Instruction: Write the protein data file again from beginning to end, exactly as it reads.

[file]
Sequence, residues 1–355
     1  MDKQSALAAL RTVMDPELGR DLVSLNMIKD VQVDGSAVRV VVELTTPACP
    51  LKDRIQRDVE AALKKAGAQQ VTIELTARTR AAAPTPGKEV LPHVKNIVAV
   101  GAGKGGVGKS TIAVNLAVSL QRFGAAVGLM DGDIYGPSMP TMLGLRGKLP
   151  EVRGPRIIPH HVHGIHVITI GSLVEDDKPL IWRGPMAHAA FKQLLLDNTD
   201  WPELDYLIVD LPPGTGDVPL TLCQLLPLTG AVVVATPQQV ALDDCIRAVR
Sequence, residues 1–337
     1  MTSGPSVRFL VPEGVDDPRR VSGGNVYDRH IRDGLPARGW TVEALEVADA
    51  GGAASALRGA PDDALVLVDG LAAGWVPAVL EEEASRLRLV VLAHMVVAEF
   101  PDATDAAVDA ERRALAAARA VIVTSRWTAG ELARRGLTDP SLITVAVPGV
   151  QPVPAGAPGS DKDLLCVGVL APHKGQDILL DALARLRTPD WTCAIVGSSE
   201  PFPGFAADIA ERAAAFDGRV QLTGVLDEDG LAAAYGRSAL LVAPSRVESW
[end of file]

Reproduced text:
Sequence, residues 1–355
     1  MDKQSALAAL RTVMDPELGR DLVSLNMIKD VQVDGSAVRV VVELTTPACP
    51  LKDRIQRDVE AALKKAGAQQ VTIELTARTR AAAPTPGKEV LPHVKNIVAV
   101  GAGKGGVGKS TIAVNLAVSL QRFGAAVGLM DGDIYGPSMP TMLGLRGKLP
   151  EVRGPRIIPH HVHGIHVITI GSLVEDDKPL IWRGPMAHAA FKQLLLDNTD
   201  WPELDYLIVD LPPGTGDVPL TLCQLLPLTG AVVVATPQQV ALDDCIRAVR
Sequence, residues 1–337
     1  MTSGPSVRFL VPEGVDDPRR VSGGNVYDRH IRDGLPARGW TVEALEVADA
    51  GGAASALRGA PDDALVLVDG LAAGWVPAVL EEEASRLRLV VLAHMVVAEF
   101  PDATDAAVDA ERRALAAARA VIVTSRWTAG ELARRGLTDP SLITVAVPGV
   151  QPVPAGAPGS DKDLLCVGVL APHKGQDILL DALARLRTPD WTCAIVGSSE
   201  PFPGFAADIA ERAAAFDGRV QLTGVLDEDG LAAAYGRSAL LVAPSRVESW